I am not good with goodbyes. And neither is David Simon, which is why he left us back at the beginning back where it all started. He dropped us off on the sidewalk stairs and told us to go. And we didn’t wave or smile, we just turned and walked away like a 5-year-old on their first day of school. And then he got back in the car and pulled off. And we were left standing at the doorway, with mitten clips and a lunch box, to figure it all out on our own.
The beginning is the end and the end is this: The children don’t win. The cops don’t get their man. The streets don’t care about the world and the world doesn’t care about the streets. The newspaper didn’t get the story and lies aren’t a side of the story, they’re just lies.
And that is where The Wire left us, somewhere between truth and lies in a slate-gray space of middle-ness. Not really on one side of the story or the other, just smack dab inside it all: the murkiness of corruption inside the government, on the street and the newspaper. And the only thing we are left with is that there is no truth.
Lies are what had us believing that Stringer Bell would actually become a legit businessman in Season 3. Lies are what Dukie tells Prez to get him to come up off $200 dollars so that he can get high. McNulty and Templeton feed off lies to further the own selfish goals. Countless people got smoked because the lies caught them up in the end.
And somewhere inside all these lies is us, the omnipotent viewer. Not watching from above, but from the inside. We are standing on the street when Dukie rides by on his horse carriage to go get his tester. We are inside the house when Prop Joe closes his eyes for the last time. We know that Clay Davis is juicing Stringer Bell, but we are silent as we watch these transactions. And that is what The Wire created us to be: an ongoing piece of the melodrama. These people are not fictional they are archetypes. All of the actors aren’t actors (at least not before The Wire) they are real-life bad asses. The line between television and reality got altered and blurry and somewhere in there is something about us, something about how we view this life.
That’s why Season 4 is the most heart-wrenching season because this is where we see how the street cycle starts. We meet the kids and then we watch them become the characters that we have grown to love. We see first hand the painful transmutation of street-tough, little-brother-loving Michael into a younger version of Omar. We watch Dukie struggle in school, struggle on the corner searching for acceptance and ultimately digressing into Bubbles (pre-recovery).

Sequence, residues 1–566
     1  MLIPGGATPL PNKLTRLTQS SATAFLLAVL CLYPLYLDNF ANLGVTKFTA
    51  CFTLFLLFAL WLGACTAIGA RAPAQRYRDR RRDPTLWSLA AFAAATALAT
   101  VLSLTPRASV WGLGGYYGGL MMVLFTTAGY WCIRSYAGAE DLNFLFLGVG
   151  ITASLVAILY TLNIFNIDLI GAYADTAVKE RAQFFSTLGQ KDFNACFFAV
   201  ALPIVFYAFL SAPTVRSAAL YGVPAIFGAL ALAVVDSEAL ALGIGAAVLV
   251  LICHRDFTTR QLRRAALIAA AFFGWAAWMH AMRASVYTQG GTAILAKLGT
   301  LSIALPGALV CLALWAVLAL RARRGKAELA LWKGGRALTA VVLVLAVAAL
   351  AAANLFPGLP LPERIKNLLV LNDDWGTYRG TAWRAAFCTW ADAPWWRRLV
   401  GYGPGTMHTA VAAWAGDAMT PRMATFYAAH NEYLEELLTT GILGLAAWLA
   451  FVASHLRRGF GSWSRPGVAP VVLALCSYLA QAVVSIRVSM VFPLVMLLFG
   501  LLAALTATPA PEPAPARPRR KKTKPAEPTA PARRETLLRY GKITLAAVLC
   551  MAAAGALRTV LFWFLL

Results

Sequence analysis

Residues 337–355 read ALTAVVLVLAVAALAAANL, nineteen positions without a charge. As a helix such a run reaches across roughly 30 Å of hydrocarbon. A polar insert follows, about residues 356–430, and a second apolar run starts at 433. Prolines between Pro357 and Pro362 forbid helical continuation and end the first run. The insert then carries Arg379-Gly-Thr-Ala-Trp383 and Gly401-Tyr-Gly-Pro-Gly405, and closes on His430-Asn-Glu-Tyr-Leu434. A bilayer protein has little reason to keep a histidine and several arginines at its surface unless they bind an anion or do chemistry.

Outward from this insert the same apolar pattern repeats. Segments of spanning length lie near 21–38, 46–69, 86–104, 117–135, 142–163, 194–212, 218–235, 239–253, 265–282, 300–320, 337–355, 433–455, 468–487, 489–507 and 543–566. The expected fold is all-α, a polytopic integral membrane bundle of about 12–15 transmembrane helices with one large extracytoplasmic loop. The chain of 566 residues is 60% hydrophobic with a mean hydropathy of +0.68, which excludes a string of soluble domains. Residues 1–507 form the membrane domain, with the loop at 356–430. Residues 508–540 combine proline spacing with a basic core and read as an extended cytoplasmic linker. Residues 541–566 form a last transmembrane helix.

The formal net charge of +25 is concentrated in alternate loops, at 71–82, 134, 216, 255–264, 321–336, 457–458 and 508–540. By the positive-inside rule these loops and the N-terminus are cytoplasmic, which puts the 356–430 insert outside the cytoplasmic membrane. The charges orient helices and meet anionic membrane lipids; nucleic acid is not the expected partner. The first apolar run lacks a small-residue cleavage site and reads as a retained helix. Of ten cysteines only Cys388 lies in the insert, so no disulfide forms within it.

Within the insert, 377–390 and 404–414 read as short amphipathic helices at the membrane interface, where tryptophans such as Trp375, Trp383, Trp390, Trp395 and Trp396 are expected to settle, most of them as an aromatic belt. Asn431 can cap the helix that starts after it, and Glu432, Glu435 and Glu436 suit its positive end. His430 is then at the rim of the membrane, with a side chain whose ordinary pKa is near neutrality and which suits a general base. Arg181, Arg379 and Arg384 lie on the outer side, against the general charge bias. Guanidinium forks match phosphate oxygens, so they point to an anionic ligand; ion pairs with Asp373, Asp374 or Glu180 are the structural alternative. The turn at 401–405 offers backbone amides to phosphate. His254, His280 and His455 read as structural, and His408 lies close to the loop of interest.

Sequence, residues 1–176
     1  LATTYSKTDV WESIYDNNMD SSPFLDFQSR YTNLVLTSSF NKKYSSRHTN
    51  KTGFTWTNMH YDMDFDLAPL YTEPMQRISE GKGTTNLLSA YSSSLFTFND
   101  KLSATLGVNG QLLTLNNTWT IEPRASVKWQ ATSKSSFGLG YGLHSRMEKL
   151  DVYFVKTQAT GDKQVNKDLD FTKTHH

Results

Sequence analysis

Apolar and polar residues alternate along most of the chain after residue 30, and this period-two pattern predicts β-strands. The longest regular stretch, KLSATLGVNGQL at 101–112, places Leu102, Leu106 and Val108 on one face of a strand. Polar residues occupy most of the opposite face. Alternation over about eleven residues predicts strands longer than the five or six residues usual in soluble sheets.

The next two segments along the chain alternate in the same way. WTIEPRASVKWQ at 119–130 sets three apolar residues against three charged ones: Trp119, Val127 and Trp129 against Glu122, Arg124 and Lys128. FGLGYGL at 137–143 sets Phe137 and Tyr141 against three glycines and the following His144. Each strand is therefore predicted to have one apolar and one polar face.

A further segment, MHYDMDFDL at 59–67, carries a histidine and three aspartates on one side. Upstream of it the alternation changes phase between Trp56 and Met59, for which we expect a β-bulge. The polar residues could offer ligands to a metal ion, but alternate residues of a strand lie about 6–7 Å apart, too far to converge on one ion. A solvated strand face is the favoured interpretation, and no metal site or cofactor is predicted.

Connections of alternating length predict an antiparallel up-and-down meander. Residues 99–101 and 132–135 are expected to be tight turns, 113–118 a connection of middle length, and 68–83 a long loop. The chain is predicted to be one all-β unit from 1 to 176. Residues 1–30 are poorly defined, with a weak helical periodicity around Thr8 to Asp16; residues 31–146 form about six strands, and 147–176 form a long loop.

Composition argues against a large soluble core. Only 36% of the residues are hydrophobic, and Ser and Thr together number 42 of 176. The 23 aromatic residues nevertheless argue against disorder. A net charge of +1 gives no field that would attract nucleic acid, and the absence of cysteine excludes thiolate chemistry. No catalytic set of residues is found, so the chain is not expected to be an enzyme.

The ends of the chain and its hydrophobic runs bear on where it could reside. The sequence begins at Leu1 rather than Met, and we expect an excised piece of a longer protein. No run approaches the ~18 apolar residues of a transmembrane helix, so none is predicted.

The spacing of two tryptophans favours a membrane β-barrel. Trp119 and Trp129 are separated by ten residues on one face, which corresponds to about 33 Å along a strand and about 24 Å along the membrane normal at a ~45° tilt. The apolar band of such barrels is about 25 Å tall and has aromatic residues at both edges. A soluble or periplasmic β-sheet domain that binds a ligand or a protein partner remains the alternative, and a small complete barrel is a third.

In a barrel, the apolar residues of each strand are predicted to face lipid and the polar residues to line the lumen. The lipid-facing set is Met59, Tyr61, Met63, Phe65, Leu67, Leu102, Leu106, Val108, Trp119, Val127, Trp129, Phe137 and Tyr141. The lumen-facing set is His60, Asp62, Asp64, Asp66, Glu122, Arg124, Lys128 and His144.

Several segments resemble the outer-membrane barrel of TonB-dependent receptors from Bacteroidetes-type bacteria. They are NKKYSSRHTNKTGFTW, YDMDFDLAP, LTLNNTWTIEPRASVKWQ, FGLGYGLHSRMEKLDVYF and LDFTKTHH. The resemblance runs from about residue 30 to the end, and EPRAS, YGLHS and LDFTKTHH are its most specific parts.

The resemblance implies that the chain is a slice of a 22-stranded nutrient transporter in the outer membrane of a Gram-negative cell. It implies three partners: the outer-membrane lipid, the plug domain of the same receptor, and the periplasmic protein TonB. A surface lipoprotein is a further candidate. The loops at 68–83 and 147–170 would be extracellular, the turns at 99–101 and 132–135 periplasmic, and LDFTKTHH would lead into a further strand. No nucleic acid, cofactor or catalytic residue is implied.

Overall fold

But one thing we learn is that the cycle is the cycle; it doesn’t matter the scene. Make too much noise on the street and you get killed. Make too much noise in the newsroom and you get cast off to the Siberia bureau. Make too much noise in the government and you get forced out of office. And that is what The Wire has taught us; that the process is the process and it is bigger than life. That caring about the people in it isn’t enough to save them. That knowing the difference between right and wrong doesn’t always mean you advocate goodness. That in the end, there is no end, just a new start for someone else who was waiting in the wings to take their turn.
I doubt there will be another show that invest this much energy into finding the problem and holding a magnifying glass there long enough to see close up, but also close enough to burn. The Wire rubs you raw. It makes you uncomfortable. It is an oxymoron from conception to conclusion and it is probably the greatest piece of fictional journalism ever written.
It mirrors life and I couldn’t help but think in the scene where young reporter Michael Fletcher and Bubbles are talking about his article about him. Bubbles asks if he thinks that the story will make a difference to which Fletcher answers, “I don’t know.” I wonder if this is what David Simon felt at the very beginning when he sat down and decided to craft this narrative about fictional characters that would change our lives.